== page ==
Leadership in a digital age

In the digital era, we are bombarded with constantly evolving technologies such as artificial intelligence, big data and cryptocurrencies. As a result, organisations have adapted to these rapid changes with a shift from traditional forms of leadership to redefining what leadership means today

CREDIT: This is an edited version of an article that originally appeared on Leadership Matters

In this chaotic world, strong leadership is more important than ever. Good leaders will need to steer their teams forward and navigate the tides in the face of these chaotic transitions. Here are some of the key characteristics of positive leadership in the digital age.

Being a good communicator and nurturing others

According to the Forbes’ report on Google’s Project Oxygen, which examined the data behind leadership, there are several core traits that define an effective modern leader. One of these is providing others with encouragement and praise, which they define as ‘the most important factor in coaching – more so than technical or strategic expertise’. They also emphasise the crucial importance of two-way listening and communication between members, which makes everyone feel valued and a part of the team. Communication enables leaders to gain insights into how others feel. Understanding the emotions of others, including what stresses them or makes them happy, enables leaders to identify where tensions lie and how to solve them; in the long run, this promotes an increase in productivity and wellbeing amongst team members.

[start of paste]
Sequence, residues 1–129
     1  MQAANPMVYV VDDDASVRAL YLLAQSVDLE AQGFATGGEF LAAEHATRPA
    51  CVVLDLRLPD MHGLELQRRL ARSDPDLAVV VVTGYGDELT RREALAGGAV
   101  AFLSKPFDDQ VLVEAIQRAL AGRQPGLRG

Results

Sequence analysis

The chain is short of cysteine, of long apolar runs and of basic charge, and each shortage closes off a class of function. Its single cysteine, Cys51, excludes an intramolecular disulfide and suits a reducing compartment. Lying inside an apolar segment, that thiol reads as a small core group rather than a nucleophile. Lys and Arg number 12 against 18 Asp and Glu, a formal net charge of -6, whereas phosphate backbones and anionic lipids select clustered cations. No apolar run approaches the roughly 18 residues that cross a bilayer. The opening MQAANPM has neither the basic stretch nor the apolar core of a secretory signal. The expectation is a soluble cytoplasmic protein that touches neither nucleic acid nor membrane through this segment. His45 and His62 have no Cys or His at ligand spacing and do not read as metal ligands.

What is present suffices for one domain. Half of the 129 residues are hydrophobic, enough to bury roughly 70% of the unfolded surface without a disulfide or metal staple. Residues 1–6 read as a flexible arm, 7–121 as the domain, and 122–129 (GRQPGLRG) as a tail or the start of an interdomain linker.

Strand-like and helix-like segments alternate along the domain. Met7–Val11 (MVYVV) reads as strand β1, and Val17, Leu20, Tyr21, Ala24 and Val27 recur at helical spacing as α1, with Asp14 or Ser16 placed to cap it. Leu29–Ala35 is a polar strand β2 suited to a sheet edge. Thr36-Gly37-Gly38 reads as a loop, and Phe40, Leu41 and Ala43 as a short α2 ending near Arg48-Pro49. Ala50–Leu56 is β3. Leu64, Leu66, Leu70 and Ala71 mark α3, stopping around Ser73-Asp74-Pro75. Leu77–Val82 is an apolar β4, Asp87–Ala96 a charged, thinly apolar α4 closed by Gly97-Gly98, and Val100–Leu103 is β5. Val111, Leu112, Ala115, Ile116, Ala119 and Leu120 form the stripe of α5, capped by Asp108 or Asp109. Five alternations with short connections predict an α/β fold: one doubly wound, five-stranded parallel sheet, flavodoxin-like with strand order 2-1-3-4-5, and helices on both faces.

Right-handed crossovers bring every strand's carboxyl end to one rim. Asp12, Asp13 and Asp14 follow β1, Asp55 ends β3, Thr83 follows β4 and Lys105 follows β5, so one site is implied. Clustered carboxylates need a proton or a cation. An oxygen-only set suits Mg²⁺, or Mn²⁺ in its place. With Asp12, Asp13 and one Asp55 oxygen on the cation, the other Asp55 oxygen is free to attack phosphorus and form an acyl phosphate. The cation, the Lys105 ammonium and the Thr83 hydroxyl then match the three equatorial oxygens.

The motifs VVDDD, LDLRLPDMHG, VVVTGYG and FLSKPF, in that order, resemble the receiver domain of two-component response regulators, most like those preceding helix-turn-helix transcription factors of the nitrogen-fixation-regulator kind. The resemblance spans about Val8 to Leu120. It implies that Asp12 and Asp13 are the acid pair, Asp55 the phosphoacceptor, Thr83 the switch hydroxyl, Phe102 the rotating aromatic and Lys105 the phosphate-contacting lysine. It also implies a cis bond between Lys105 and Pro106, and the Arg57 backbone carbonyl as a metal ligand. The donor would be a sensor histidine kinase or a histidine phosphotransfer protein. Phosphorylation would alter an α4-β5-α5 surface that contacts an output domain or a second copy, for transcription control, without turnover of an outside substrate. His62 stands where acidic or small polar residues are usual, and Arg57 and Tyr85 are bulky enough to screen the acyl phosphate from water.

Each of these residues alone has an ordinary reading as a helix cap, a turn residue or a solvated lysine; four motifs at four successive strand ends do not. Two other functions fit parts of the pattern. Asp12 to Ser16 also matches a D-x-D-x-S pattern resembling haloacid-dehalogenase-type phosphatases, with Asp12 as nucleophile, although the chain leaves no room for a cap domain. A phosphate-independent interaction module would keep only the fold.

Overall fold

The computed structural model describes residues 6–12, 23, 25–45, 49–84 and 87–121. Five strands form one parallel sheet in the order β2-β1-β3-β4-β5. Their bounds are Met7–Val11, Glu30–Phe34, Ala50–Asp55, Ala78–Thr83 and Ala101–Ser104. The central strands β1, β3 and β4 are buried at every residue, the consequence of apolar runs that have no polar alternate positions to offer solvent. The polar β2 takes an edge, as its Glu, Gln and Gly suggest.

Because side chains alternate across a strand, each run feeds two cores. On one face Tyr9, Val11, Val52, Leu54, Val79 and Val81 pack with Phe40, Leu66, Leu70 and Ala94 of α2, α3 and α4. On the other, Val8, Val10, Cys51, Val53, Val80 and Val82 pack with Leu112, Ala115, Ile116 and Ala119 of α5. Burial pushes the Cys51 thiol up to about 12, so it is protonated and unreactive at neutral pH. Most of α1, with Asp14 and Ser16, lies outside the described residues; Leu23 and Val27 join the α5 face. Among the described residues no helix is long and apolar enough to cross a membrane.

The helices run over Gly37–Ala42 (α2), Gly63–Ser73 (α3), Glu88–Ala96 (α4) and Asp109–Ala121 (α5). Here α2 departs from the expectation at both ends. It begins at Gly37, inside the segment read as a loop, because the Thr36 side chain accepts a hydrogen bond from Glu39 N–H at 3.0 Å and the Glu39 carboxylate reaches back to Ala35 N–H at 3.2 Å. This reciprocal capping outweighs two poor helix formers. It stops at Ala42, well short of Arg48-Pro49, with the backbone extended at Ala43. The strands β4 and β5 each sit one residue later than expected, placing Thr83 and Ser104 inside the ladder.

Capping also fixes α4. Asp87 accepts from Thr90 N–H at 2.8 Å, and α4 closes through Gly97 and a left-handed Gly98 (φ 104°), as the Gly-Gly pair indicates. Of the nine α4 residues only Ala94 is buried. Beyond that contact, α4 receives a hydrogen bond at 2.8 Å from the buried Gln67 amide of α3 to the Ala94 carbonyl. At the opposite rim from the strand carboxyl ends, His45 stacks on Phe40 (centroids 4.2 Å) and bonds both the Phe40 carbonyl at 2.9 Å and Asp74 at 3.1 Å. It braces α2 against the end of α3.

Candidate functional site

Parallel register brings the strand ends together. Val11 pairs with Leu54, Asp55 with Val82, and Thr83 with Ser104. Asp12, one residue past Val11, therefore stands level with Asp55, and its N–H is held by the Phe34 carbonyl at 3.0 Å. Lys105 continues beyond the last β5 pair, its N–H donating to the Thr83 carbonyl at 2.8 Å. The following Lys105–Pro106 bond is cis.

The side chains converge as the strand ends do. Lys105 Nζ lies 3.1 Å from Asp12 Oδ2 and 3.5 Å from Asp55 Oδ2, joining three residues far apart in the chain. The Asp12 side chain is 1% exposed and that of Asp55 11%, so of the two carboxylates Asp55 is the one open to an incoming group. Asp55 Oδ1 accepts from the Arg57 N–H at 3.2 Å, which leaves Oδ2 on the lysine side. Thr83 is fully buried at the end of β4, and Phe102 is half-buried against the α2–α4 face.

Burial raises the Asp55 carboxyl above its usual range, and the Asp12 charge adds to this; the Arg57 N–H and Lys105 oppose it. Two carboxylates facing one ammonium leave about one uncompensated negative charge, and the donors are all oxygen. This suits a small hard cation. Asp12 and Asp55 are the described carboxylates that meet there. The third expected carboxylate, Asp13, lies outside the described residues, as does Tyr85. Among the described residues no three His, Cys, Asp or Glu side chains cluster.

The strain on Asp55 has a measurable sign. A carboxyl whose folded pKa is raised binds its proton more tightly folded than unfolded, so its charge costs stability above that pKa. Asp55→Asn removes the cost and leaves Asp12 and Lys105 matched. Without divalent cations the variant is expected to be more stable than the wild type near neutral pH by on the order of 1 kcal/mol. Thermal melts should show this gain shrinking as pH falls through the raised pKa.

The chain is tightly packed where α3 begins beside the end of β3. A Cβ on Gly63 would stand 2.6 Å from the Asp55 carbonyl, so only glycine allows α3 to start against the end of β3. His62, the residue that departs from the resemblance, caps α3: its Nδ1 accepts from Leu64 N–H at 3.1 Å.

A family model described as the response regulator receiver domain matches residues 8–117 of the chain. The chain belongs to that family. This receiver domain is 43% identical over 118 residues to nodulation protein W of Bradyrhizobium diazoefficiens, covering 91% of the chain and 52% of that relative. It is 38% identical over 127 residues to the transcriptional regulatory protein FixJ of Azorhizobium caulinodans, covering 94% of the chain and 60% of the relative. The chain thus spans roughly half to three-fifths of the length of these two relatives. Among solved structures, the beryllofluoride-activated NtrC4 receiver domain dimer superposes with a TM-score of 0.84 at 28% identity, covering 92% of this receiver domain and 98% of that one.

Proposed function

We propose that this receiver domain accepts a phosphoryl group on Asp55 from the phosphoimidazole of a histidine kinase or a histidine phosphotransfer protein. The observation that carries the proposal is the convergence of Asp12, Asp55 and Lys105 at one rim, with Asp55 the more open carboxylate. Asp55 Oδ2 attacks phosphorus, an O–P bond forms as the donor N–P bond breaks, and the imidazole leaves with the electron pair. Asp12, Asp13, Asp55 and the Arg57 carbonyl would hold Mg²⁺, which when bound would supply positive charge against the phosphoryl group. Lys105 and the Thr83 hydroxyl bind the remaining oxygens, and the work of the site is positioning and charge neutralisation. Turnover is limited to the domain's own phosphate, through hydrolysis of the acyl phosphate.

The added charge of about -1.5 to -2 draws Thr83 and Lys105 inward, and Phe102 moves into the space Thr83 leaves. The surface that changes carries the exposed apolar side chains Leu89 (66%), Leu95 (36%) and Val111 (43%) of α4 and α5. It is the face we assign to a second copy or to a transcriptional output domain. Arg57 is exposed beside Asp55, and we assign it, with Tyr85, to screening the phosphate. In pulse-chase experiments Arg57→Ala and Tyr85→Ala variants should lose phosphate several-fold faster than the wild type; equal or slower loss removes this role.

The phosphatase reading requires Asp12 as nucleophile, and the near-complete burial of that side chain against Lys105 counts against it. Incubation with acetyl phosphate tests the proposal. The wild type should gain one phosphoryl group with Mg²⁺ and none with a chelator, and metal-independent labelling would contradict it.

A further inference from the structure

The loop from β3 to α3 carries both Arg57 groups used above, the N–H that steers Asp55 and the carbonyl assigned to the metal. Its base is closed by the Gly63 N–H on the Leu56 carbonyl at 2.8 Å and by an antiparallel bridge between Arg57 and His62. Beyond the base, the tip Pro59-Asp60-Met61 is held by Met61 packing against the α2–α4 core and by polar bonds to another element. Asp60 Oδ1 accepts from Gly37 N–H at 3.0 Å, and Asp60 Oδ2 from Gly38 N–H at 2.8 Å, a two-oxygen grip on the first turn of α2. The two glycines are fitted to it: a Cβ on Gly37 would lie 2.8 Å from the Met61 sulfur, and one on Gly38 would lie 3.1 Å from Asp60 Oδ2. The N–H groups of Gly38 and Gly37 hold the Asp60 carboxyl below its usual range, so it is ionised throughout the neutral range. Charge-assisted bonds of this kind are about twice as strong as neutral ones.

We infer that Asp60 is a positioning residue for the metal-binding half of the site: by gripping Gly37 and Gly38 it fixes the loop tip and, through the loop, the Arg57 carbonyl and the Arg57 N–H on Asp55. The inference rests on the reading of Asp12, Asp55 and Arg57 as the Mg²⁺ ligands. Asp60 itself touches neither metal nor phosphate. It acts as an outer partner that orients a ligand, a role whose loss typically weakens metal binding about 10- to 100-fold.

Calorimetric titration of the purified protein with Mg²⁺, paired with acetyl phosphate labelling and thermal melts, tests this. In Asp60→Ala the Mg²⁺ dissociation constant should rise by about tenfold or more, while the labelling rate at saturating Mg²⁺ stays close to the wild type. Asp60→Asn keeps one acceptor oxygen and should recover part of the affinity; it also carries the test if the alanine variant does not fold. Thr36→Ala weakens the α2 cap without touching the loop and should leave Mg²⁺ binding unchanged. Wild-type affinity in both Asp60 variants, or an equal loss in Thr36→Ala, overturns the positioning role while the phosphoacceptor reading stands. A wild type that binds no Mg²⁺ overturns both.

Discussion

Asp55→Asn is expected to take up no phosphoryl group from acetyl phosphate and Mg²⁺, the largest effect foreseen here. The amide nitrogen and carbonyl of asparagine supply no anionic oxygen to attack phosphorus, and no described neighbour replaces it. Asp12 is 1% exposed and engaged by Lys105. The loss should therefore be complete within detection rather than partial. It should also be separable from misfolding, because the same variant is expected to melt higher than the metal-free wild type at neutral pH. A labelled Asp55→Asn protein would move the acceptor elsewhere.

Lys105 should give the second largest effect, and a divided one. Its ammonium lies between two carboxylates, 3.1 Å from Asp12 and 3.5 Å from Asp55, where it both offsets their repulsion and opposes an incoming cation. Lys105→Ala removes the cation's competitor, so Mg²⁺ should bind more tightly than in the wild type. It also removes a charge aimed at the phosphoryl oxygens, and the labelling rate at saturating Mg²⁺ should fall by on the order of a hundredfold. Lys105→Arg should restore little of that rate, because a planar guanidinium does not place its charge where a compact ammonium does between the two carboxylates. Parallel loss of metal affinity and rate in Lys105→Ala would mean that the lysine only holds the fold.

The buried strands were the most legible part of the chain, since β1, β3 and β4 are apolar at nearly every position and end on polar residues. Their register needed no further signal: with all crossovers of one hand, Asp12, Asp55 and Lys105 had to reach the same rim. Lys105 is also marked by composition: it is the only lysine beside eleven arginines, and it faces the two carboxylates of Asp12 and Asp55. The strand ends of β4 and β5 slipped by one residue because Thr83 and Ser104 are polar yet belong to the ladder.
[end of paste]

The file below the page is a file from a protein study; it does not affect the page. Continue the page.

Building employee participation on all levels

Leadership in this age is no longer hierarchical – rather, it emphasises employee empowerment and building independent teams. A previous post talked about how ‘Leaders don’t get caught in the busy trap’ in which leaders overextend themselves trying to get everything done – and how to avoid such a scenario by investing our time, energy and human resource which allows us to see the impact of our leadership. Leading SEO company Ayima also highlights the importance of hiring specialists – strategists who can help you focus your resources on the proper channels, saving you both time and money.

A top-down approach is no longer effective because it makes others feel insignificant and undervalued. In contrast, leaders should empower their teams to work with as much autonomy and freedom as possible to make independent decisions within their teams. No matter how junior, every member of the team should be encouraged to contribute their unique ideas, and individual knowledge, to achieve shared goals.

Providing visionary direction and clear purpose

In this digital age it’s easy to get lost in the technological aspects of daily life. However, the World Economic Forum emphasises the need for leaders to create a compelling vision which provides others with a perspective on things that matter. Leaders need to show their teams the goals that they are trying to achieve, and why. One characteristic of a great leader is having the skill to break down, seemingly impossible, complex tasks into simple, workable steps that work towards achieving that task.

They also need to keep a watchful eye over the progress of these steps, while delegating tasks best suited to their team members’ skills. Furthermore, leaders need to possess a positive energy that is contagious, and inspires others to be a part of their vision – as a wise person once said, “People achieve great things when they are driven by a strong purpose, and find work meaningful. When people know the why, they figure out the how.”

In summary, leaders in the digital age have the power to inspire, engage and lead others with clarity and optimism. They need to focus on building their communication skills, encouraging autonomy among team members, and clearly identifying their goals.

Through their ability to empower others to identify and overcome key obstacles, digital leaders can successfully alter the direction of our future.

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